You would probably say, “Yeah, right”. But really, this is true. There are many women all over the world that regret that they ever had children. Occasionally, some women undergo temporary post-partum depression. This is a serious illness that should not be taken lightly, but it is not what I am referring to here. I am talking about the women who didn’t intend to get pregnant in the first place, and now having to carry out the pregnancy, resent the child for messing up their plans.

It seems hard to believe, but it is true. In fact, you might even know someone. I recently met a Muslim American mom who admitted, in no uncertain terms, that she resents her child and never planned that pregnancy. Even more surprising was that she said that, since her son is babysat by other family members often, she wouldn’t even mind if someone else took the baby and raised him. She claimed that she never bonded with the child and therefore has no motherly feelings toward him.

The horror that you might be feeling as you read this is much like what I felt when I heard it. The shock that I felt left me numb and frightened. Firstly, I felt worried for the child that will grow up in this environment and resentment. What kind of a person will he become when he is older and more mature and can feel and sense this resentment? What legacy will this mother create and what will her son learn from her? This is frightening, but when it dawned on me that this could happen to any of us, I almost keeled over in fear.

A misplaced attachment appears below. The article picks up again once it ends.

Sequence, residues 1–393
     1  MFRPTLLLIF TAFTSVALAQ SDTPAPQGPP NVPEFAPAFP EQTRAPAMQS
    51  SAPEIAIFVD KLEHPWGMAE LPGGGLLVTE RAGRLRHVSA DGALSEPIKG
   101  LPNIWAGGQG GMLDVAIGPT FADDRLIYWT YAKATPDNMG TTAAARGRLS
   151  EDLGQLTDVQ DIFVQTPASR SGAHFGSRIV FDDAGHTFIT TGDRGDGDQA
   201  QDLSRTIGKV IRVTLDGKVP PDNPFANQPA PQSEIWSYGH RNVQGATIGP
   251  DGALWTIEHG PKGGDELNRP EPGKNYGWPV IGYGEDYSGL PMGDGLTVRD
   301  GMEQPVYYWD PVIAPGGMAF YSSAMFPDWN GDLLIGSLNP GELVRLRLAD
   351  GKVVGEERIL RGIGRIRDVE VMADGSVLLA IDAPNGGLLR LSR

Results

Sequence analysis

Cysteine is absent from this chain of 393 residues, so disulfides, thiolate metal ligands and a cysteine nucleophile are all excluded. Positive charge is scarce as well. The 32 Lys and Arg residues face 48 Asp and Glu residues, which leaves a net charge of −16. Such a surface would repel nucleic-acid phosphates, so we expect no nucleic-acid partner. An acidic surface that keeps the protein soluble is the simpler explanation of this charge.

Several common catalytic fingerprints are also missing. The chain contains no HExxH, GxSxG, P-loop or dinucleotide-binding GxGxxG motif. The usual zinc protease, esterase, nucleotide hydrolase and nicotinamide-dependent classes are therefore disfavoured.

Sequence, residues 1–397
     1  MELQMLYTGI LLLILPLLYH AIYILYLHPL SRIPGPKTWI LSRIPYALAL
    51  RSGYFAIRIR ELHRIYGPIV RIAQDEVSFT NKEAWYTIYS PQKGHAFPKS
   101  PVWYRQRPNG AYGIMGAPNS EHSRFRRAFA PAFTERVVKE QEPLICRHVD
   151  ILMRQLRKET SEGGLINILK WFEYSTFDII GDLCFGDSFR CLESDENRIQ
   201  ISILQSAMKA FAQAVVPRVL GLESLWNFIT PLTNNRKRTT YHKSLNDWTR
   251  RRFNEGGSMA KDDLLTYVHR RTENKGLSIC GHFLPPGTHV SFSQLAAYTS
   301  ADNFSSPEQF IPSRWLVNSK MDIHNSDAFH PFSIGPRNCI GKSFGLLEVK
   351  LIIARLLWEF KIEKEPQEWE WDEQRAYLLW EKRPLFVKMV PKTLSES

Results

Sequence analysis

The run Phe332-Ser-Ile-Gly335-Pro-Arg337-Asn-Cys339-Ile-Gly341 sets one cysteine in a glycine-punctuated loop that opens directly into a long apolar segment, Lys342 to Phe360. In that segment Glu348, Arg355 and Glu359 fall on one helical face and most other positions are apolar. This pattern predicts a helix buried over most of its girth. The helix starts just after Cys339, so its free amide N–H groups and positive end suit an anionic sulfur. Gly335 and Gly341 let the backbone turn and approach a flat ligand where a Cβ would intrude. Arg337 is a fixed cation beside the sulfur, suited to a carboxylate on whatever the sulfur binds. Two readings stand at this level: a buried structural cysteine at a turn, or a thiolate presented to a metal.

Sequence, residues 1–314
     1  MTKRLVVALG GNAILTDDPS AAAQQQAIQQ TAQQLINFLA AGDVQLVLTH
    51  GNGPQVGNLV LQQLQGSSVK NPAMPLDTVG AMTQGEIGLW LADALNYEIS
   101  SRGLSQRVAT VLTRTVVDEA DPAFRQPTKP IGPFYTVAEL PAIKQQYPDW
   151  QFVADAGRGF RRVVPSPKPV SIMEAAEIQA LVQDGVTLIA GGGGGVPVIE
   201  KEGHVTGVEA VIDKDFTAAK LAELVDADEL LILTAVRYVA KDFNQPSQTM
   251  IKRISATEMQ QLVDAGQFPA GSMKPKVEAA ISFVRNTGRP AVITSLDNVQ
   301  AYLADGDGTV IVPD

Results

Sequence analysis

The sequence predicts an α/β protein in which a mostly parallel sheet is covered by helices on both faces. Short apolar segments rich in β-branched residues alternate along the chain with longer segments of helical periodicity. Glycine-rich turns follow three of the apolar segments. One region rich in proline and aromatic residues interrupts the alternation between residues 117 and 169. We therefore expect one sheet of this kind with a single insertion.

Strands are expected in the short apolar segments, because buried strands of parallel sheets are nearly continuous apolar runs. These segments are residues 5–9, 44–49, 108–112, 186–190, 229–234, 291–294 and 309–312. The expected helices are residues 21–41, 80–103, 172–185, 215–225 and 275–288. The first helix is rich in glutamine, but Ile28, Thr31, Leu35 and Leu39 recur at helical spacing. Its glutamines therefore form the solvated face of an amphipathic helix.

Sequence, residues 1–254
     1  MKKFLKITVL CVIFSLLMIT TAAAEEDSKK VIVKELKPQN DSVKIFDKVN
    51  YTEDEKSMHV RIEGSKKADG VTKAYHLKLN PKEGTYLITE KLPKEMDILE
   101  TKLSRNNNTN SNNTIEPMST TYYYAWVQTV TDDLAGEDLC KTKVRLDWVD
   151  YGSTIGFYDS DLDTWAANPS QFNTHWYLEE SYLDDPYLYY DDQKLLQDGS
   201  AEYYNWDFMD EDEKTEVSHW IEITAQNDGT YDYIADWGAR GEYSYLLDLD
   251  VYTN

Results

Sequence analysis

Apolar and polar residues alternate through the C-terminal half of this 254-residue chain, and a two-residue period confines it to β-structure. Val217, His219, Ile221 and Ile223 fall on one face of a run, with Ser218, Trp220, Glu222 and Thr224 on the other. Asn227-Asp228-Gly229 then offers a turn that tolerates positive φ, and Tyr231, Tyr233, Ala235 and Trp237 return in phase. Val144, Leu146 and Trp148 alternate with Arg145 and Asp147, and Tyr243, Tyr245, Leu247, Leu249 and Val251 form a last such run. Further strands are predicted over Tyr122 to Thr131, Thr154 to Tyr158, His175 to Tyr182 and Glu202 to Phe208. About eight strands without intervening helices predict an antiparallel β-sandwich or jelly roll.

Do we think that this mother chose to be this way? Most women in her situation, after giving birth to a child that they hadn’t planned, forget the past and anticipate the future with their new bundle of innocent love. But obviously, this warm and fuzzy feeling doesn’t hit everyone the same way. What I asked myself is: how do I make sure that I never feel the way this mom does about her children.

Recognize Our Blessings

Many of us, as a first reaction, will say, “That’ll never happen to me. I love my kids.” But realistically, why do we love our children? How is it that we do and this other mom doesn’t? It is because Allah has placed this love in our hearts. For this, we should be eternally grateful. This intangible and unseen love is among the millions of other things in this life that we take for granted and underestimate. It is such a simple thing and yet it holds such great power. If only this mom had even an iota of this love, she would see the beauty in her son and overlook the attraction of her career and social life.

But this God-granted gift is just the beginning. We must make a conscious effort to love our children. We start with the love that Allah put in our hearts. But there must also be love in our actions. Resist cultural norms that reject outward affection; hug and kiss your children and see them bloom right before your eyes. The Prophet encouraged us to embrace our children and show them affection. Why else would he have allowed his nephews to ride his back during sujood while in salah? Why else would he have kept sweets in his pockets so that the city children could attack and claim their treats? Such playful affection is essential for a child to thrive and mature into a well-rounded and grounded individual.

We sometimes have to work at being nice and affectionate and loving. Right after your son has spilled an entire box of cereal on the floor in search of the hidden surprise may not be the best time to go and hug him. And right after your daughter has flooded the bath-room to give her doll a bath in the bathroom sink is also not an opportune time to kiss her and hold her tight. But there are moments every day when we need to show our kids what we want them to know—that we love them. For a child, the best way for them to see this love is for them to feel it.